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In 1995, nearly all dealer marketing dollars were spent with local vendors. Local newspapers, shopper magazines, radio stations, TV broadcasters, and cable companies enjoyed a fair amount of autonomy from parent companies and very little competition from national companies like Autobytel and AutoTrader.com.
The vast majority of national vendors went into business to gain penetration and sell out. Getting bought out by a larger company is the dominant exit strategy for these national companies. Yet they serve local dealers who sell vehicles in a tiny sliver of the national market and hope to do so for generations to come.
The recent wave of vendor consolidation is but a small spec of what is yet to come if vendors' dreams are to come true. But who will be left, and how will they be received. Any vendor that gains a large share of the budget gets demonized by a portion of the dealer community (e.g. ADP, Reynolds and Reynolds, AutoTrader.com). Many dealers are afraid to place too much of their budget with one or two companies. But it could get worse. The prospect of being limited to a hand full of vendors forced on them by manufacturers is enough to make some dealers leave the business. Yet synergies among all three tiers of advertising must develop.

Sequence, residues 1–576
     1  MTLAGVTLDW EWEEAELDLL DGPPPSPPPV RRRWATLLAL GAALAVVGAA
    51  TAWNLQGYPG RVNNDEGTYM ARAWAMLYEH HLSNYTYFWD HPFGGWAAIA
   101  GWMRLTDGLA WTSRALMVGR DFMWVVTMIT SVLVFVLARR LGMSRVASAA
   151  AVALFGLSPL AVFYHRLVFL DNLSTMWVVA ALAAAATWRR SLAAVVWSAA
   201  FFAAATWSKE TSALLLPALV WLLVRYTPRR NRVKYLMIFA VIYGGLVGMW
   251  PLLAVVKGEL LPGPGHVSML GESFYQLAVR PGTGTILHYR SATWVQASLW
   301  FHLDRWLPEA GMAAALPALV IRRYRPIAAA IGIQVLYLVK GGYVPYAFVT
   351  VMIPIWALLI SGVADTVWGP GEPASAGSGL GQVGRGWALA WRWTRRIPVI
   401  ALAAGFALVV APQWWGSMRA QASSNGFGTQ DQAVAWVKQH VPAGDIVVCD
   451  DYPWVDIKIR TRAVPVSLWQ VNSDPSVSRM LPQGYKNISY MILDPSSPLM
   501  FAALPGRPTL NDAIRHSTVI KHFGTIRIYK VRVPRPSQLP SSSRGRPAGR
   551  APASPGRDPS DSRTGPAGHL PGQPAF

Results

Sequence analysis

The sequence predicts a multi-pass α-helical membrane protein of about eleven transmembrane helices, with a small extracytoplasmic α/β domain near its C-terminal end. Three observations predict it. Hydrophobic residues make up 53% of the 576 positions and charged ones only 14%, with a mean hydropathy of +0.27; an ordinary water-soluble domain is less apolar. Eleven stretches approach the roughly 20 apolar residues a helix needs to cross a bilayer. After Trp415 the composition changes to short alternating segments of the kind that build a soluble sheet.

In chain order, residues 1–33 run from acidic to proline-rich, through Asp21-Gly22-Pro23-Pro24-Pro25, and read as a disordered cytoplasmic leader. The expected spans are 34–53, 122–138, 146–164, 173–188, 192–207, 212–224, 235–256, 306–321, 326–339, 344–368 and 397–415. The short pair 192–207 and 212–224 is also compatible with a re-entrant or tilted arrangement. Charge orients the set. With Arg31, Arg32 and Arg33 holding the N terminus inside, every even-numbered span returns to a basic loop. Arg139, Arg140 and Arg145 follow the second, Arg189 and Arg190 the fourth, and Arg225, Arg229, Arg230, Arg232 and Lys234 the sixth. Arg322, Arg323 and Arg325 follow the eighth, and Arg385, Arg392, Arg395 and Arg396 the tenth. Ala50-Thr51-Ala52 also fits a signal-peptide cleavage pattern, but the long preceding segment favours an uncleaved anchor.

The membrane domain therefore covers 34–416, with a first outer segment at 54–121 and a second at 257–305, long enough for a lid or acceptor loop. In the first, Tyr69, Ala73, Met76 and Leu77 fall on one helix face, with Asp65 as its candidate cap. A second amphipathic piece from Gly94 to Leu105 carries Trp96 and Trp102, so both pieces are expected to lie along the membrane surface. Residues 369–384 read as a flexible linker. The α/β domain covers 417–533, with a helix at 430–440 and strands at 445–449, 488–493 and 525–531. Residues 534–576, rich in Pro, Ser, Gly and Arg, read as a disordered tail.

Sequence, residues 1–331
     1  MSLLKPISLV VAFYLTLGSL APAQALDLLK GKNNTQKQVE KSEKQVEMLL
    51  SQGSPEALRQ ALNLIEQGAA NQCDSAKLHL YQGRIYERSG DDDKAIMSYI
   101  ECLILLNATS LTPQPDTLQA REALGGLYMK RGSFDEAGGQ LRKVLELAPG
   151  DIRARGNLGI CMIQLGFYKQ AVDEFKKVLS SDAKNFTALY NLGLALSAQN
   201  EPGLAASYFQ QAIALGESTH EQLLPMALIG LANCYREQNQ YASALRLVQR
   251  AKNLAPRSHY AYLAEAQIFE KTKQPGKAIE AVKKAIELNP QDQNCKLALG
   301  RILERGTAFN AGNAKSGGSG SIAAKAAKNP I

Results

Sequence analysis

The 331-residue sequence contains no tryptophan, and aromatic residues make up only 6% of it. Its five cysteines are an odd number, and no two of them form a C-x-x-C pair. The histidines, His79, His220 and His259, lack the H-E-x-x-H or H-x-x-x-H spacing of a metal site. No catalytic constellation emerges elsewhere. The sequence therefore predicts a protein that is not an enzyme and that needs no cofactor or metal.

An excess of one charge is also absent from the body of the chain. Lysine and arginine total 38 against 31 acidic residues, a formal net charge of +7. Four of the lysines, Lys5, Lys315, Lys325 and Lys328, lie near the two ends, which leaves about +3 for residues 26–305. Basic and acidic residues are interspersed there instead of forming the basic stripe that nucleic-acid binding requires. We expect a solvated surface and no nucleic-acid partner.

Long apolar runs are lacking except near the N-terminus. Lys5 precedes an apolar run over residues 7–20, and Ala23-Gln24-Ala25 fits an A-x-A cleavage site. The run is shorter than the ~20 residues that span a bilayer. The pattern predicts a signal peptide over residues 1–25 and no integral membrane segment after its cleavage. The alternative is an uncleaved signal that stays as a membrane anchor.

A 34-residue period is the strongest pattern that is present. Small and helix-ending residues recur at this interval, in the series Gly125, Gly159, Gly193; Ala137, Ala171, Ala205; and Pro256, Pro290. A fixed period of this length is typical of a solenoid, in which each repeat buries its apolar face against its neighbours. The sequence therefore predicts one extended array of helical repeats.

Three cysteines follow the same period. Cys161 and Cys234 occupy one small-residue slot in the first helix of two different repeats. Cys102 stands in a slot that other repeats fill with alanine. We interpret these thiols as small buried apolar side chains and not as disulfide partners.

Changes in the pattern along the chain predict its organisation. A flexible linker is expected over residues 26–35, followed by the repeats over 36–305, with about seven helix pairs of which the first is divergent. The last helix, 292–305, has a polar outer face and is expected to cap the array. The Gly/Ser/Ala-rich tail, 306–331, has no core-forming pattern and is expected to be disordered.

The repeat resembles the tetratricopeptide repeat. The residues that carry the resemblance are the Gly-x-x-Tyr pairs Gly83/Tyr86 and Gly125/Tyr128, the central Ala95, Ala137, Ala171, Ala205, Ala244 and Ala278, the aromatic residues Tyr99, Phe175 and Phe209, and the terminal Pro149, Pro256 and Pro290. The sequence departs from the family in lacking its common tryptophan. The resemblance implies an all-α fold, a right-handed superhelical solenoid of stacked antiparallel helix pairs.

More than marketing hangs in the balance. You can't have a five-year plan unless you have some idea what the environment looks like in five years. The answers may change the structure of stores, dealer groups, and the relationships between dealers and OEMs.